Graduating from Clemson University with a degree in Secondary Education Mathematics lends itself nicely to teaching my clients all there is to know about the math behind their home purchase or sale.
Being the math nerd that I am, I created Excel spreadsheets estimating the costs of purchasing or selling a home (email me if you’d like these!). What follows in this blog post is an explanation of the Estimated Buyer’s Costs spreadsheet.
In today’s fast-paced seller’s market, an important first step in purchasing a home is speaking with a mortgage lender and getting prequalified. Your mortgage lender will guide you through all of the different loan program options (conventional, FHA, USDA, VA) and help you determine which program is the best fit for your goals.
The amount of money for your down payment depends on the loan program that you select and is a certain percentage of the sales price of the home. Conventional loans require at least 3% down, FHA loans require at least 3.5%, and USDA and VA loans do not require any money down. It is important to remember that these are the minimum down payment requirements. Putting more money down shows the seller that you are a strong, qualified buyer.
Earnest Money Deposit (EMD)
Earnest money is good faith money showing the seller that you are serious about purchasing their home. It is customary for a scanned copy of the earnest money check to be sent along with the offer to purchase a home. If your offer is accepted, the earnest money check is deposited in 1-2 business days in your attorney’s or brokerage’s account.
The amount of earnest money you put down varies on the price of the home, but $1,000 is typical. Some buyers think that this money just disappears, but it goes towards your total closing costs. For example, if it costs $7,500 to close on your home, you would only have to bring $6,500 to closing since you already provided the $1,000 upfront.
Closing costs include lender fees, prepaids, title charges, recording fees, and other fees such as homeowner’s association dues and a homeowner’s insurance premium (see below for descriptions). Typically closing costs average about 3% of the sales price of the home, but they could be more or less. You may ask the seller to pay for all or part of your closing costs so that you don’t have to bring as much money to closing (these are called seller concessions or seller contributions).
Lender fees are fees associated with financing your home purchase through a mortgage lender.
- Processing fee (loan origination fee)
- Underwriting fee
- Credit report fee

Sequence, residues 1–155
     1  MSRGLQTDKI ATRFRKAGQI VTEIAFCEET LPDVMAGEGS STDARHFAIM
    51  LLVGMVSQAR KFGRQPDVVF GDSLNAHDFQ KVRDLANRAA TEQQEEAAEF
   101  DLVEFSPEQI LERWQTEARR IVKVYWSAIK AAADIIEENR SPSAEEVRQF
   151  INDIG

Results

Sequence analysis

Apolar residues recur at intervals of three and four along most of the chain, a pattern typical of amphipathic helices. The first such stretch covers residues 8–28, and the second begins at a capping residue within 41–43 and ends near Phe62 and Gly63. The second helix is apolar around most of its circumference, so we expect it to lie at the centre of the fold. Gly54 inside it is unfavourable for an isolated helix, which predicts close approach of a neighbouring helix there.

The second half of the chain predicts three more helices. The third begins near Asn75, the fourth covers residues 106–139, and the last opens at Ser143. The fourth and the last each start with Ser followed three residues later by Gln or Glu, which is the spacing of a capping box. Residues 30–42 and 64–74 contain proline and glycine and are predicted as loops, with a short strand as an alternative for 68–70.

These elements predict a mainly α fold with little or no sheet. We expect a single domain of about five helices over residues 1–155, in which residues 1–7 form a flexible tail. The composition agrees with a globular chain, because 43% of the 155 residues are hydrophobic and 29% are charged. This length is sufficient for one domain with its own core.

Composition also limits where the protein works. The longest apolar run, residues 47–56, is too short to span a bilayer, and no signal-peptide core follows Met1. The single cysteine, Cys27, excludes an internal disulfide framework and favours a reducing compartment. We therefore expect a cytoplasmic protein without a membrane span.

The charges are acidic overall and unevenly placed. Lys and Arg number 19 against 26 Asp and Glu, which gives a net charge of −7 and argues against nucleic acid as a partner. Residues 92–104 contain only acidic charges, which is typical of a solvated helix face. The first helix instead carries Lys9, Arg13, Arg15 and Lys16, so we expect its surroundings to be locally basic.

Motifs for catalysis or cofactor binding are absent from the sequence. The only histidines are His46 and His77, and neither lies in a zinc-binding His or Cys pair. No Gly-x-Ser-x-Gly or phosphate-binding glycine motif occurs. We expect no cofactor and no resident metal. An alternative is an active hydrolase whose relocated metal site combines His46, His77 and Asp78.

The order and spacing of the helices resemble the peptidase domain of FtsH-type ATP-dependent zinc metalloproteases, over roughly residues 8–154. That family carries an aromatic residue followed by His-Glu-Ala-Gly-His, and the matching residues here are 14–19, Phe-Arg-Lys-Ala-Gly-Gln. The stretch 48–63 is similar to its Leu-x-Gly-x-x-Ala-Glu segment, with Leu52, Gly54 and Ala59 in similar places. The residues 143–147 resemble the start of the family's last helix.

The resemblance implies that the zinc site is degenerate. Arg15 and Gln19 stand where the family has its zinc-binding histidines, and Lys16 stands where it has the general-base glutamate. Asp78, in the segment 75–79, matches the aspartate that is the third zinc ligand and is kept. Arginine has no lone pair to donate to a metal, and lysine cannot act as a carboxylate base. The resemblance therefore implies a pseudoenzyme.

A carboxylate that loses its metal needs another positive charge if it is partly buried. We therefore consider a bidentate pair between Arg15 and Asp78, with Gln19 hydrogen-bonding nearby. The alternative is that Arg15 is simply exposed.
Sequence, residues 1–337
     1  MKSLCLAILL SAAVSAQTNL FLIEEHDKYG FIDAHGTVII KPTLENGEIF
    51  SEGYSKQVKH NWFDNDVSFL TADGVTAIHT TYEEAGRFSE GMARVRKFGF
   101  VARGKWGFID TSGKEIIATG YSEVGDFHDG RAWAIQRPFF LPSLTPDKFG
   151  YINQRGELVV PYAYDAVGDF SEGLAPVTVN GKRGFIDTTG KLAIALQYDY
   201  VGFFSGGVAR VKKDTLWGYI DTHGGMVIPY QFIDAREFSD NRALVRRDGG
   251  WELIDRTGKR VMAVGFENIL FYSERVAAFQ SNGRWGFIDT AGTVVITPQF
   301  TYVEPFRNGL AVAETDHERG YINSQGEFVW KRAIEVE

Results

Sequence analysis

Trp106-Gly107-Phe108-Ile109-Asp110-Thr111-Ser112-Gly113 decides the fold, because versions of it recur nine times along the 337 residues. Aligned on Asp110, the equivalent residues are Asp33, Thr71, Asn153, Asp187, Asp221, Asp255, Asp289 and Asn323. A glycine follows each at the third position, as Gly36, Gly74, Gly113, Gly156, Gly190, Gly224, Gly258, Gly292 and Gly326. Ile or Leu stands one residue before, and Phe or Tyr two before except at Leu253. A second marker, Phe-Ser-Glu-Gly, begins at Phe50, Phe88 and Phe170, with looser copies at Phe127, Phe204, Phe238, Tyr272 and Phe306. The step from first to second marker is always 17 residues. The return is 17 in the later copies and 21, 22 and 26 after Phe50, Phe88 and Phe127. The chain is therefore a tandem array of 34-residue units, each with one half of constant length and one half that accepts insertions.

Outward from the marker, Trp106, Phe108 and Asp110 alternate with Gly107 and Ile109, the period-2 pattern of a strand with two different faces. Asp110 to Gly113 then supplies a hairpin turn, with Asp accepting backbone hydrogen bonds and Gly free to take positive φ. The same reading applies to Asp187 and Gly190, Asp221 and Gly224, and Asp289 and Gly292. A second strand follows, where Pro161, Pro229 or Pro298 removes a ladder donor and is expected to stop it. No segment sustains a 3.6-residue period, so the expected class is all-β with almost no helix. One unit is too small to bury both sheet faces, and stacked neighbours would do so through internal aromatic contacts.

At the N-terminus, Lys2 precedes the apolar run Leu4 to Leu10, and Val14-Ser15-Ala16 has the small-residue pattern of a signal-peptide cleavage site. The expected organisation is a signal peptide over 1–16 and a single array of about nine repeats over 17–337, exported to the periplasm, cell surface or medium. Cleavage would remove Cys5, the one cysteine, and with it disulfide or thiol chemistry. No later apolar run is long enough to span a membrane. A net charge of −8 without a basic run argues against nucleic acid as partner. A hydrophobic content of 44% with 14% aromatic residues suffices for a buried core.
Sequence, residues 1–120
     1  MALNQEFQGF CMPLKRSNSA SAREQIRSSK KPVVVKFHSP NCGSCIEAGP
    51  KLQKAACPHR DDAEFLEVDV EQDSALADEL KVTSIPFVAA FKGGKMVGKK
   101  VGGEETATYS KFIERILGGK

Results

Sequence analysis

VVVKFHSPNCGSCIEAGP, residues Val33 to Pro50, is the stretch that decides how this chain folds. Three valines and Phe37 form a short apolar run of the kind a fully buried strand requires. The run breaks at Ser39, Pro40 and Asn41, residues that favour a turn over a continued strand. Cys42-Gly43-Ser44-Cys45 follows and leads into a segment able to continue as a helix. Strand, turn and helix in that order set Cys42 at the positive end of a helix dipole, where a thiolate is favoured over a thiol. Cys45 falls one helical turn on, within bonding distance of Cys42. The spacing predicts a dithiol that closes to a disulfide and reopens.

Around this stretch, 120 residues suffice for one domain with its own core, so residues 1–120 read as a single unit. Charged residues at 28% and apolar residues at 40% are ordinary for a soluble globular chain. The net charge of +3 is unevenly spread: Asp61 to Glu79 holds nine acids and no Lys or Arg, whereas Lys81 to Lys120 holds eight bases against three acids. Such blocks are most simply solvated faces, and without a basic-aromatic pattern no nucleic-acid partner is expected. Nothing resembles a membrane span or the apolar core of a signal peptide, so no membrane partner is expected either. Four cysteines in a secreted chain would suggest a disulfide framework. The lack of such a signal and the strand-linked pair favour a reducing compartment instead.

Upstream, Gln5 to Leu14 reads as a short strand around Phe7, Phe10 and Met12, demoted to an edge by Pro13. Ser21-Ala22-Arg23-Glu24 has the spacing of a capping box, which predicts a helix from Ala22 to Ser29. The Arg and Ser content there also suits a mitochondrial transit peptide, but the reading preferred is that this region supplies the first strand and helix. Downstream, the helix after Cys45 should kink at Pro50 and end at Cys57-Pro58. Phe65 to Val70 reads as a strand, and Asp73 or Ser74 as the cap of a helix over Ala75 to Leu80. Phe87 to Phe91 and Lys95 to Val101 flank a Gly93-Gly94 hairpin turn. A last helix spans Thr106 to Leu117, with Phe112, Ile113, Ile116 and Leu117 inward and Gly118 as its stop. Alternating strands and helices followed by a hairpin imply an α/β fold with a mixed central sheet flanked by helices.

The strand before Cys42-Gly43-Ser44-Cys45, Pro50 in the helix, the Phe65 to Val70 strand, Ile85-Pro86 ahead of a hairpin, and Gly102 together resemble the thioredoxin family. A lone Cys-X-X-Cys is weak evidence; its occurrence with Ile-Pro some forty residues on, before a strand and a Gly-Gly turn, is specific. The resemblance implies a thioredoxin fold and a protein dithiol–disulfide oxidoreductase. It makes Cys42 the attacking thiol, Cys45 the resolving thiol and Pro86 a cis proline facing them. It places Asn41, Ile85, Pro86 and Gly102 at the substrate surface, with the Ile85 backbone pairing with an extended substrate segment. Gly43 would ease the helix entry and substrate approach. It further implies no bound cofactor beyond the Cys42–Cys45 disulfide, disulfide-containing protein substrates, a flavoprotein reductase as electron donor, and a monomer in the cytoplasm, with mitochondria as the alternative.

- Flood certification fee
- Prepaid interest
Prepaids or Impounds are expenses such as taxes, insurance, and private mortgage insurance (PMI). The mortgage company establishes an escrow account to pay for the prepaids during the term of the mortgage.
Title charges are fees associated with the attorney or title company searching prior deeds, court records, and property and name indexes to ensure that there are no liens or problems associated with the property. These title charges include:
- Lender’s and owner’s title insurance
- Attorney fees
- Title examination fee
- Document preparation fee
- Wiring fee
The county also charges a small recording fee to record the deed and the mortgage. Other closing costs can include homeowner’s association dues, homeowner’s insurance premiums (to cover possible damages to your home), and mortgage insurance (to protect the lender in case you default on the loan).
The great thing about using a buyer’s agent to represent you in the purchase of a home is that it is no cost to you. That’s right! It is customary for the seller to pay 6% to real estate professionals to sell their home (3% to the listing agent and 3% to the buyer’s agent). On some rare instances, a seller may offer less than 3% to the buyer’s agent. For example, a for sale by owner (FSBO) may only offer 2% or 2.5% to a buyer’s agent. In that case your agent may ask you to pay the difference or they may just take the reduced amount.
Warranties and Inspections
Having a home warranty is totally up to you. If the home that you are purchasing is really old and has an old HVAC unit, refrigerator, etc., then you may want to ask the seller to provide a home warranty. If the seller does not agree to purchase a home warranty, you may choose to do so on your own. These typically range anywhere from $400 to $600 depending on the home warranty company and the coverage options.
If financing your home, your lender will require a home inspection and a termite inspection to ensure the home is safe and free of wood-destroying organisms. In Greenville, SC home inspections typically cost around $300 whereas termite inspections are about $100. Additional inspections that you may want to consider are radon, well water, and septic. Radon is a colorless odorless gas that comes from the ground and is known to cause lung cancer. A radon test can be conducted for $85-$125. If buying a large piece of property or if the attorney finds anything odd during the title inspection, a survey is also recommended. These are about $500 and up depending on the size of the property.
I hope this article has given you an idea of the amount of money that is required to purchase a home. If you have any questions or would like for me to send you the Estimated Buyer’s Cost spreadsheet, please contact me at (864) 293-4470 or email@example.com.